34.

Krawczyk and Lepori, LAND/SCAPE, 00:12–00:56.

35.

On-the-ground and lively becomings were grounded in response-abilities; one of these meant reaching toward donkeys’ worlds and understanding them as Dondolo and Giorgiana, less than fixed representatives of their species. The perspective offered in the film world is aligned with becoming-with donkeyness, leading viewers into a world of donkey-ness and other more-than-human bodies of that meshwork, with no fixed and essential notion of donkey at the center. The film world leads viewers to become-with donkeyness, leading to becoming-with land.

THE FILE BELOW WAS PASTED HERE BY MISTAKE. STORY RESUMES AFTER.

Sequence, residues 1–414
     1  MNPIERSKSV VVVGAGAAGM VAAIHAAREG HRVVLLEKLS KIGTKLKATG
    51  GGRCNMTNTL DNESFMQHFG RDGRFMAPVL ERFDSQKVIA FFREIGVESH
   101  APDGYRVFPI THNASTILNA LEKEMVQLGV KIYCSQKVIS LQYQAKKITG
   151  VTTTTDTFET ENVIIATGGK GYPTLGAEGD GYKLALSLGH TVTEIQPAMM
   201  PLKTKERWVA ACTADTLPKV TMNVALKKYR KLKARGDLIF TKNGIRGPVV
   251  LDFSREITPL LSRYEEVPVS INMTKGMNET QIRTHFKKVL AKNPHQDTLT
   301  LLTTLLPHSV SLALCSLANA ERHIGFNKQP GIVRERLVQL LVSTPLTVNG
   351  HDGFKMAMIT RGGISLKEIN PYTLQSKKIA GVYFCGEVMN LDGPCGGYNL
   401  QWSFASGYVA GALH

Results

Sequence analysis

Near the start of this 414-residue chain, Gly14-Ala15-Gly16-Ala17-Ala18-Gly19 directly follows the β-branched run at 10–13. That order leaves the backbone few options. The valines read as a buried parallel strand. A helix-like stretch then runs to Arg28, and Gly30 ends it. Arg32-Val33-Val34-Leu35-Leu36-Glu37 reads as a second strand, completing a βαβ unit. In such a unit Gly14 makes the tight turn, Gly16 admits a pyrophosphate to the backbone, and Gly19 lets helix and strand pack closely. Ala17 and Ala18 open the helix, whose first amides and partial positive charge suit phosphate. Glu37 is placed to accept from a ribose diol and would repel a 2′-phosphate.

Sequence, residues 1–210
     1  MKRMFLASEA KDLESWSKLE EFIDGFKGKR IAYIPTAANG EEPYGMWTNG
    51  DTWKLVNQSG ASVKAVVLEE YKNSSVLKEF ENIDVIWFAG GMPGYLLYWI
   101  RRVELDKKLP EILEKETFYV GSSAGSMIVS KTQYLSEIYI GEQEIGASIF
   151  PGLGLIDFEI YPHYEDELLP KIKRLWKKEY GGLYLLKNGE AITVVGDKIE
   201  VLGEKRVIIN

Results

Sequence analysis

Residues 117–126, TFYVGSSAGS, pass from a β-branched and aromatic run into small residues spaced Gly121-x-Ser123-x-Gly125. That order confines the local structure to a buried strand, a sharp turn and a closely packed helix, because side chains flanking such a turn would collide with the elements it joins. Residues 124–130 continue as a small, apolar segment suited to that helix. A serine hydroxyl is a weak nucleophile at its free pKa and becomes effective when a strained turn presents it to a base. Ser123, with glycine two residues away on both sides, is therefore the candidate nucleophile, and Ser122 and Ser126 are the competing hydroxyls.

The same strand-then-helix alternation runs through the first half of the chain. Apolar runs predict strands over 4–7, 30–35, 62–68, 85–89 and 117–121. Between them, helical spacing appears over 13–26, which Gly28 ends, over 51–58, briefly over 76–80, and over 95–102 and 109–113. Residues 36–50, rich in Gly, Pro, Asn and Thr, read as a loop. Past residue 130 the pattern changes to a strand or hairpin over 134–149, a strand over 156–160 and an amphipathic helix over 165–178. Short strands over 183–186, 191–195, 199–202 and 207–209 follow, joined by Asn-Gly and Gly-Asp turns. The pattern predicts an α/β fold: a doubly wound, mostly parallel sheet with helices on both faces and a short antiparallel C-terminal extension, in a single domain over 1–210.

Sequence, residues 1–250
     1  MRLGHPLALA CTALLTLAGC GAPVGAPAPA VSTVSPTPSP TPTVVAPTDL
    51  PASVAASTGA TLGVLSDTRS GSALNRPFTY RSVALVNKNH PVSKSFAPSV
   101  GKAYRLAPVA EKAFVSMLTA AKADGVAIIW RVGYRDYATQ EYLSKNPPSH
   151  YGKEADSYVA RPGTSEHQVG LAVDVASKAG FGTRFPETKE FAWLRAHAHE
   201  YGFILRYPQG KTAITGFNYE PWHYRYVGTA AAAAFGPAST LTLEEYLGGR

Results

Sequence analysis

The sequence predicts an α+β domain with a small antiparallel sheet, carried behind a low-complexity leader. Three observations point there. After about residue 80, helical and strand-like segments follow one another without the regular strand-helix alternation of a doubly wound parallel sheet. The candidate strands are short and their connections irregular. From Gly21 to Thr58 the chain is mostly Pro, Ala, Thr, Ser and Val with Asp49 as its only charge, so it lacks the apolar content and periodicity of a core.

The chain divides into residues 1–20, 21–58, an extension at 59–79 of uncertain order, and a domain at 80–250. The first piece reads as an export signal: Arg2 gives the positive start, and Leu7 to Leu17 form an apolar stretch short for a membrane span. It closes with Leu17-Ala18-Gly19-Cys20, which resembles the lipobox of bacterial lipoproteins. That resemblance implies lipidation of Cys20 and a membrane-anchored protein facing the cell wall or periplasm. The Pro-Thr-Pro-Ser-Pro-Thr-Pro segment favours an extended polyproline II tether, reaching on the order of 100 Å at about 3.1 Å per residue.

38.

As Giulia explains: “We chose the name LAND/SCAPE inspired by the word’s etymology (Ingold 2011), which suggests land’s shaping agency. Rather than a fixed, defined entity—landscape as scenery—we wanted to evoke the constant formation processes of land being shaped as it shapes. The continuity within processes of relationality. That is why the audiovisual ends with the question ‘how do I shape you?’ Not so much to find an answer, but to invite more questioning” (pers. comm., May 2022). For an early discussion, see Lepori and Krawczyk, “Land/Scape.” For a more evolved discussion, see Lepori, “Land is Shaped as Land Shapes.”